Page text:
Question 2:
Baby Nurse Betty is a skilled labor and delivery nurse, who also can float to post-pardum care after the delivery as well as the well-newborn nursery. At 7:30pm, the staffing company hotline gets a call stating that they want her to float to the NICU, which is beyond her competency level. What is your company’s response?
Answer 2:

Betty for one, should not and cannot float to a unit that she is not certified to work on.  Without proper certifications and experience, Betty cannot float to this unit.  NICU is very specific on their certifications, without these no one should be asked to float to this unit anyhow.

Question 3:
Nurse Roach is all excited about her first travel nursing assignment. She drives 750 miles to her new assignment housing. After getting the keys from management, she opens the door and three cockroaches scurry across the floor. After further investigation, she also finds a ring of mold in the shower. She can’t stand it and immediately texts you with pictures. How do you respond?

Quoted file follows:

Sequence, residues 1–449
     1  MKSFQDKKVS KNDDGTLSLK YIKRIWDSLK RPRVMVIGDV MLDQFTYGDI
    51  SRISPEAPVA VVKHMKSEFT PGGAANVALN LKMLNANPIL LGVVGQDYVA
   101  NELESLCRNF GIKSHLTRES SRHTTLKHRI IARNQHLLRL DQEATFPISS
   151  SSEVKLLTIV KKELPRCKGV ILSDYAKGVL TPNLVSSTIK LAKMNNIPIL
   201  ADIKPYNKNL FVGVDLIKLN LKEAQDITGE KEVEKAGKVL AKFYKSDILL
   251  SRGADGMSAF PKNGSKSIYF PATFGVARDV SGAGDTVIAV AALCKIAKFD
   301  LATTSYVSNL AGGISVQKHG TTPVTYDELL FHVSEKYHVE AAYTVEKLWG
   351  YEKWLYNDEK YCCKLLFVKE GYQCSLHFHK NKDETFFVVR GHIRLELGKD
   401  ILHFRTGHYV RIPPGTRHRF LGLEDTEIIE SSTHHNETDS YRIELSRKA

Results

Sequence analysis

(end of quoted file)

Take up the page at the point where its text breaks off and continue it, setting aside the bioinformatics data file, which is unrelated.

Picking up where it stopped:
Answer 3:

I would let her know that I am absolutely going to assist her in finding temporary housing.  I’d let her know that we are a team, and I will not leave her high and dry to fix this issue on her own. Let her know it’s important for her to speak directly to whomever oversees housing.  If she doesn’t get anywhere with this option, I will pull in my client manager to further assist on this issue.

Question 4: